A ragtag group of teenage mercenaries who crew the spaceship Avalon stumble upon a conspiracy that could threaten the entire galaxy in this fascinating and fast-paced sci-fi adventure from author Mindee Arnett.
Of the various star systems that make up the Confederation, most lie thousands of light-years from First Earth-and out here, no one is free. The agencies that govern the Confederation are as corrupt as the crime bosses who patrol it, and power is held by anyone with enough greed and ruthlessness to claim it. That power is derived from one thing: metatech, the devices that allow people to travel great distances faster than the speed of light.
Jeth Seagrave and his crew of teenage mercenaries have survived in this world by stealing unsecured metatech, and they’re damn good at it. Jeth doesn’t care about the politics or the law; all he cares about is earning enough money to buy back his parents’ ship, Avalon, from his crime-boss employer and getting himself and his sister, Lizzie, the heck out of Dodge. But when Jeth finds himself in possession of information that both the crime bosses and the government are willing to kill for, he is going to have to ask himself how far he’ll go to get the freedom he’s wanted for so long.
Avalon is the perfect fit for teens new to sci-fi as well as seasoned sci-fi readers looking for more books in the YA space-and a great match for fans of Joss Whedon’s cult hit show Firefly.
Rarely a dull moment, Avalon bursts on the scene with a motley crew of teenagers that are actually a seasoned team of thieves working for a notorious crime lord. Now take that and put it into a sci-fi setting with spaceships, ports, high tech, and the the equivalent of a bermuda triangle out there in the black beyond and you’ve got yourself one heck of a thrilling young adult adventure.
Jeth and his team acquire goods (yeah that’s right I’m sugarcoating it) for the crime lord Hammer. He is so not a nice guy and runs everything on the space station where he lives and has his own little army of lackeys that obey him. But Jeth doesn’t want to be one for the rest of his life, so he’s been slowly working jobs for him in the hopes that he can buy back his parent’s ship, the Avalon.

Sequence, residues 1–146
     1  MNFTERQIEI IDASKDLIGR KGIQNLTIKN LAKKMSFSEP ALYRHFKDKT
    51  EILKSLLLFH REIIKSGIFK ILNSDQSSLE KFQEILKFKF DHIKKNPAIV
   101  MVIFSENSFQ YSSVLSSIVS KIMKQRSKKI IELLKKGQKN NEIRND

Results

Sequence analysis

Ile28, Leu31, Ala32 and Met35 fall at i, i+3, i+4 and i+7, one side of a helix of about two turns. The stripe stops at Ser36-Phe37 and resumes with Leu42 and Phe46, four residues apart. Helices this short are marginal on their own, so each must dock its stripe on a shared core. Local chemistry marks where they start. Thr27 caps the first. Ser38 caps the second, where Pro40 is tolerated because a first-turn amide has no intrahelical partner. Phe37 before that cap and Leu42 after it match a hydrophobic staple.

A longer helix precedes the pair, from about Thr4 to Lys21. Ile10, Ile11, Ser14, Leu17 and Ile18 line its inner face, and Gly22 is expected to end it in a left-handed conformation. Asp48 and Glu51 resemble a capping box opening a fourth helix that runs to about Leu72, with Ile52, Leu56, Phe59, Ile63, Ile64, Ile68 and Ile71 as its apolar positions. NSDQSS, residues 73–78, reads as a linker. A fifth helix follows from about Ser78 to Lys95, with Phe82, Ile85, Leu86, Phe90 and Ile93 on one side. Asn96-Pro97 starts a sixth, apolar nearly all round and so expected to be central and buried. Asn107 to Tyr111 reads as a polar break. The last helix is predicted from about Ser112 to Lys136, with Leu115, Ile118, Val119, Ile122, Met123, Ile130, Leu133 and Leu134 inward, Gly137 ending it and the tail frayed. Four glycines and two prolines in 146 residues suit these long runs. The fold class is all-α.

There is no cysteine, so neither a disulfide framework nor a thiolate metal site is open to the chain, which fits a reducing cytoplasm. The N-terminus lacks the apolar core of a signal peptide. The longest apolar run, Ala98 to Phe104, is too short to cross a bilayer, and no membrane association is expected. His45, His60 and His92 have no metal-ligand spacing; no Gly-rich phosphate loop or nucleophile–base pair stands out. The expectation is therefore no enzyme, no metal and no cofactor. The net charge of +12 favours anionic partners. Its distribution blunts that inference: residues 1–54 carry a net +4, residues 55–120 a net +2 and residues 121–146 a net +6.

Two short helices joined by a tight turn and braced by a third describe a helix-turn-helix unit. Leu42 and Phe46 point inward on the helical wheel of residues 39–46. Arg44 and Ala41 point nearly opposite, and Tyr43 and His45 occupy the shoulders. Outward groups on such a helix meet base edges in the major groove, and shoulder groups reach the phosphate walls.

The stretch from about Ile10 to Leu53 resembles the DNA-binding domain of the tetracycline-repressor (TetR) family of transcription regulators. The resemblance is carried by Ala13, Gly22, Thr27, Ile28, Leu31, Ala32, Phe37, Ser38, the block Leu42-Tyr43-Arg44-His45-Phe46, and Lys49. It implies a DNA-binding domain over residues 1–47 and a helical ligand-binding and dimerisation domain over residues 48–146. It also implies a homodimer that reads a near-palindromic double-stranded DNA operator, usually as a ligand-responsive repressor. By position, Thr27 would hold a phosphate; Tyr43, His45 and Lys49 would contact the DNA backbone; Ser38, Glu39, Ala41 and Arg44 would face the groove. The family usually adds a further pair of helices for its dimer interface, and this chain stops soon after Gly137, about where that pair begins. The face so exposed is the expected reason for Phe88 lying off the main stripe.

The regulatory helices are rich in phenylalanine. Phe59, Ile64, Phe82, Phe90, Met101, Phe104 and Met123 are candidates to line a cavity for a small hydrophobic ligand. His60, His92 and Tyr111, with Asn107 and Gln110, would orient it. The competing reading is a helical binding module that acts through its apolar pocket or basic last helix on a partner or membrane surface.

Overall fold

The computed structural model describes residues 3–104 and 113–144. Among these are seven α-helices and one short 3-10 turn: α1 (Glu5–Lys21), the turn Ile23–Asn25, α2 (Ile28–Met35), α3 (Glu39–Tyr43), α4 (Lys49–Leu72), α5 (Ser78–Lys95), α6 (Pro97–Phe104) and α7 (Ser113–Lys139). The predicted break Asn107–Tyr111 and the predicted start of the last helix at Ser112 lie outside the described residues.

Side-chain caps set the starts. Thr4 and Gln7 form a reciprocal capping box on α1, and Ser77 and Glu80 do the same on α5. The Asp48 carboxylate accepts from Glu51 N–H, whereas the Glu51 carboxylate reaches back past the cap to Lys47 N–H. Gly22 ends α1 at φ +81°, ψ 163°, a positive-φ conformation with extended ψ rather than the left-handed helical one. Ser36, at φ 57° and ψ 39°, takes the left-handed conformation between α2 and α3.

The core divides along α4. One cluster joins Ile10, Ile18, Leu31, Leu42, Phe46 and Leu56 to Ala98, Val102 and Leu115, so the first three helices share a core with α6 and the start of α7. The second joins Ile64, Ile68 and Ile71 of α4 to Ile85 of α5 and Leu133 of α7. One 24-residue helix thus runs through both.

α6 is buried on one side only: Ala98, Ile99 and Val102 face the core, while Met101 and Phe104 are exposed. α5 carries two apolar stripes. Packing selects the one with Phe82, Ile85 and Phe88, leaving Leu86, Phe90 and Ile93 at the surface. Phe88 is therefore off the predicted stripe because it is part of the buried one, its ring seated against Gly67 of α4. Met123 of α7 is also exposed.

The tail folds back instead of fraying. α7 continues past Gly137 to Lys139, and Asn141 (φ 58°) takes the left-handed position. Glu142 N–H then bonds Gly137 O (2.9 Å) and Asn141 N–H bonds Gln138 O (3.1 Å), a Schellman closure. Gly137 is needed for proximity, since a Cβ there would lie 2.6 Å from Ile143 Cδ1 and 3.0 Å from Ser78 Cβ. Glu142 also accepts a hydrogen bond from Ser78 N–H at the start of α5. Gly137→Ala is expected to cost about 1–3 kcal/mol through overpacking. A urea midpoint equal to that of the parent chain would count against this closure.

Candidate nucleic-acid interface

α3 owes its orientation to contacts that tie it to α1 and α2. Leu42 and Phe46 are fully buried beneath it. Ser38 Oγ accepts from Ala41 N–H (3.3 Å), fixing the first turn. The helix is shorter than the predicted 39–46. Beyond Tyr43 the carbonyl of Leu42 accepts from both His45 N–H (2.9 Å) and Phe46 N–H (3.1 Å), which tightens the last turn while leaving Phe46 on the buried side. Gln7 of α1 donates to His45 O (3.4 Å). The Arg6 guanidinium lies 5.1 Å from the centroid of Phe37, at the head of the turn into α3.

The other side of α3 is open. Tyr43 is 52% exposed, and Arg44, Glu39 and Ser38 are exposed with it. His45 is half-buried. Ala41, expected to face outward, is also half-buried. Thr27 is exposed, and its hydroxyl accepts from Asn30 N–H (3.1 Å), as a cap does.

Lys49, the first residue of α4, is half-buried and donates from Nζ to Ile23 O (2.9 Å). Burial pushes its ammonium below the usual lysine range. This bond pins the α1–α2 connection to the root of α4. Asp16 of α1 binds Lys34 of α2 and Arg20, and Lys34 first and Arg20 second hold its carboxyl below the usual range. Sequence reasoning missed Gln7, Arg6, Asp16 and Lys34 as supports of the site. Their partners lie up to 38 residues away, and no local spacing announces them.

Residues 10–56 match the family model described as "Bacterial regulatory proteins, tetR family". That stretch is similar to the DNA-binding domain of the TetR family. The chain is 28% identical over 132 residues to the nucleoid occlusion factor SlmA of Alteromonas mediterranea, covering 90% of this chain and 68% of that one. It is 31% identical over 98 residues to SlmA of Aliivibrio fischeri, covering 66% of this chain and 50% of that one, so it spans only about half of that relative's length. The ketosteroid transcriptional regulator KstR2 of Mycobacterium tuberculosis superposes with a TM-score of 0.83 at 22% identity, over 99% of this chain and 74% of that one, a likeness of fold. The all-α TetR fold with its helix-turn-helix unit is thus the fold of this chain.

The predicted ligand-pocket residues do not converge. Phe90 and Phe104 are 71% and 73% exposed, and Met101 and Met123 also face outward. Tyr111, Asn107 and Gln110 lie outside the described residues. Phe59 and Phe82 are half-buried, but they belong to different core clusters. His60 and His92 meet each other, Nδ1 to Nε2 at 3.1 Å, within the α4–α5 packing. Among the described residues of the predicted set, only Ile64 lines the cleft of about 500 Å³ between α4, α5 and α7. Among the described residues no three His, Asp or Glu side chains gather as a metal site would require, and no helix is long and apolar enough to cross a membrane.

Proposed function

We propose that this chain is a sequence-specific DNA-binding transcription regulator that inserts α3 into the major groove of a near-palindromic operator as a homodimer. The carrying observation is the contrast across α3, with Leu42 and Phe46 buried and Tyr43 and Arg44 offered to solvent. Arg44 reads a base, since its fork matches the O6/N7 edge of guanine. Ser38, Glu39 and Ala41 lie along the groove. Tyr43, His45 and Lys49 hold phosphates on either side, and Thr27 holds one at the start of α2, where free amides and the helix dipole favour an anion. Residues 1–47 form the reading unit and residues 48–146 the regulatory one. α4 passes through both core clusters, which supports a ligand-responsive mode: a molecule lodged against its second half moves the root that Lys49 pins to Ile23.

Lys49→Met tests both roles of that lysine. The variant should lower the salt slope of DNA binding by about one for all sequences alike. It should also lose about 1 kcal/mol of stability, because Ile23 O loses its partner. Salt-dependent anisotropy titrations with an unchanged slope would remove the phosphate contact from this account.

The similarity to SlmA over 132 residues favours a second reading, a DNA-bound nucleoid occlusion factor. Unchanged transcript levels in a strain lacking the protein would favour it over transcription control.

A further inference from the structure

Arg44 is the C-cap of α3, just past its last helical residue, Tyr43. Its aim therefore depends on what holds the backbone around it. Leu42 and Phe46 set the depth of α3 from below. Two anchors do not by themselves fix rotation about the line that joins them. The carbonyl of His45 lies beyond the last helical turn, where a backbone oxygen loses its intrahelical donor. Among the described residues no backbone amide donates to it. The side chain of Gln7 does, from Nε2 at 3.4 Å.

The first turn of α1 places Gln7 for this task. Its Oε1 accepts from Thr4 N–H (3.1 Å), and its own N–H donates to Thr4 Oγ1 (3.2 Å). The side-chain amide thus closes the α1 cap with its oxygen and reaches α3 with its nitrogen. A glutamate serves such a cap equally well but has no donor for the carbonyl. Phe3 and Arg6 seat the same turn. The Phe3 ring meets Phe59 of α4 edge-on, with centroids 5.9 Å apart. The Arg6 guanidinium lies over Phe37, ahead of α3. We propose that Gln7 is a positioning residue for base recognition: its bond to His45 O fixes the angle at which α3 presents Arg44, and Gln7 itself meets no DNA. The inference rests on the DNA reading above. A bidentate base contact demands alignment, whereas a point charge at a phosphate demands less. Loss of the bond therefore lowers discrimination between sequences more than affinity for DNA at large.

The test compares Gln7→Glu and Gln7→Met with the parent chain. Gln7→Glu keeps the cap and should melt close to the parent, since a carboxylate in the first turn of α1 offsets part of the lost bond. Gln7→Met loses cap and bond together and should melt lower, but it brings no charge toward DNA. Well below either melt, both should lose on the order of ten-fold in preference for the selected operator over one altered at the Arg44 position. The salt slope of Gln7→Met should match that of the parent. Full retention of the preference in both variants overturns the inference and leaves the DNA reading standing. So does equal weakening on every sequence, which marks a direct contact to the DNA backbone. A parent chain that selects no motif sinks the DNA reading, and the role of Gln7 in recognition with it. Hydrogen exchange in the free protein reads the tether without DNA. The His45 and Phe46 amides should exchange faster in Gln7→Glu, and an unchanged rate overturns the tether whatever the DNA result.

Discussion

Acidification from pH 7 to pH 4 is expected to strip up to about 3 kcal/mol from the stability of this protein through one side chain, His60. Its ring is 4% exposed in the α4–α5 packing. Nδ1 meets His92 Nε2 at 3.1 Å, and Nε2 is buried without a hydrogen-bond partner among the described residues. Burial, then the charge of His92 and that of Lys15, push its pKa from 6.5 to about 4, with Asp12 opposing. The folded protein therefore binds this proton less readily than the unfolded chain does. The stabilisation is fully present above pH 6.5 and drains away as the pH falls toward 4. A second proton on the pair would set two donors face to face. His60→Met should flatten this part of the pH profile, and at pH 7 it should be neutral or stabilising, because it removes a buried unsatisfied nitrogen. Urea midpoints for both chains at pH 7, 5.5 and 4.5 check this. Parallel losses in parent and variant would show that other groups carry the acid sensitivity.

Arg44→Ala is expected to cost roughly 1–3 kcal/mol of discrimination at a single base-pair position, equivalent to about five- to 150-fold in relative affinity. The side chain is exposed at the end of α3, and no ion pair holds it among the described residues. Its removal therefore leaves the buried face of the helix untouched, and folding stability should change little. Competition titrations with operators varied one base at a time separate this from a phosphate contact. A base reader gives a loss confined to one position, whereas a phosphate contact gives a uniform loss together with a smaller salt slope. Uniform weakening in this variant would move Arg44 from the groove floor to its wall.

One particular job might give him that perfect opportunity but it would require him and his team going on a super dangerous (and illegal of course) mission to bring back a lost ship. Mass problems ensue. What is great about Avalon is that things just keep moving. There may be a few natural lulls but they don’t feel stagnant as there is always a purpose to what the youths are doing. Not to mention this book really doesn’t mince words when it comes to description. There are some creepy and twisted things that go down and I don’t feel like the author was trying to shelter us as the readers from the reality of things that could happen.
I hate to admit that while reading I did find a few plot points overly convenient but ultimately I think that they worked….and really it’s all about perspective. What are the chances of this? What are the chances of that…and just how many people travel that you run into a certain so and so. That sort of thing. However, as I said I think it ends up working because really most stories that you read do have those convenient or highly coincidental key points to them that end up making the story what it is. Now I’m rambling but my main thing here is that it both worked for me and didn’t and when it didn’t that didn’t stop me from seriously enjoying the book.
One of my favorite parts were the characters and how each had a unique characteristic about them that made them stand out in my mind. I could really visualize them and almost even hear them. Too often I think supporting characters aren’t given enough depth or klout but the author did right by them here.
As you might have already read, Avalon has been compared to the TV show Firely by the description as well as other reviewers. Even though I am a big Firefly fan, I didn’t take this comparison into account at all. For me, unless a book is purposefully using a storyline or theme from another story/show and the goal therein is to retell that same story or essence of it, I try not to pay attention to comparisons because that just sort of ruins things for me. So whether you’re a fan or not of Firefly – give this one a chance to make its own mark on your mind instead of going in thinking you’re going to get Firefly.
Highly enjoyable, I’d definitely recommend Avalon to any fans of young adult science fiction. You can bet your sweet tookus I’ll be back for more.
Avalon (Avalon #1)
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